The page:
Litter complaints piling up
By BRIDGET HALL GRUMET
© St. Petersburg Times, published March 11, 2001
INVERNESS -- It is difficult for officials to gauge whether roadside littering is on the rise, but complaints about it certainly are.
Just check the editorial pages of the newspapers, where numerous letters have called for increased roadside pickups.
Or ask County Commissioner Josh Wooten, who promised more litter pickups as a key plank in his campaign last year. Wooten said he gets more calls and letters about roadside trash than any other topic.
"Our beautiful county is being literally trashed," Wooten said. "And you don't see this type of a problem in other counties as bad as we have it here."
Susan Metcalfe, the county's solid waste management director, is listening.
In her proposed budget for next year, Metcalfe plans to ask the county for an additional $100,000 to put two more litter cleanup crews on the road.
Metcalfe has one crew now, consisting of a paid county supervisor and three or four county jail inmates who volunteer for the assignment. That crew covers about 500 miles of roads a year -- a fraction of the 2,600 miles of county-maintained roads.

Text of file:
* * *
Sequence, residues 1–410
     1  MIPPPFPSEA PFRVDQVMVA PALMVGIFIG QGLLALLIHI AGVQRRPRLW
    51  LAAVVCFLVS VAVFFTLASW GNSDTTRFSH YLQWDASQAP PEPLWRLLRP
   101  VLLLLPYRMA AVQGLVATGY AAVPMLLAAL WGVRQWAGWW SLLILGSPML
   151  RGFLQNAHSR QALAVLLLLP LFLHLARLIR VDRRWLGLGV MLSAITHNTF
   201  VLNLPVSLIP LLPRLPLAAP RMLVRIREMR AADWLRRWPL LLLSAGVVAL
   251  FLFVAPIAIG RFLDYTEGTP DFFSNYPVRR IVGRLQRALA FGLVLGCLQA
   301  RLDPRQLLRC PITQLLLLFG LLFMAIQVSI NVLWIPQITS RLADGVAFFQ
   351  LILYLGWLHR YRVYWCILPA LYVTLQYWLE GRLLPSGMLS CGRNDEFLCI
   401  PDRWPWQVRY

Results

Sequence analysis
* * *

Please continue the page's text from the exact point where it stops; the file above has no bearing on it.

Another inmate crew under the Road Maintenance Division also does some litter patrol, among other tasks.
"We don't have enough staff and vehicles and inmates to do it all," Metcalfe said. "With the proposed expansion of the cleanup crews in our budget for the next fiscal year, we're looking to triple our efforts, and that would make a big difference."
The inmate crew, on average, picks up about a ton of litter a week.
It will be up to the County Commission, during its budget hearings later this year, to decide whether to put extra funds toward roadside pickups.
"It's basically time for the board to make it a priority," Wooten said. "From what I can see, staff is very willing to attack this problem if they have the resources, and up until this point, they haven't had the resources."
In the meantime, Metcalfe's office is trying to renew interest in the Adopt-a-Highway program, in which groups pick up litter four times a year along their 2-mile road segment. Metcalfe hopes a series of newspaper advertisements during the next few months will encourage more groups to join the program.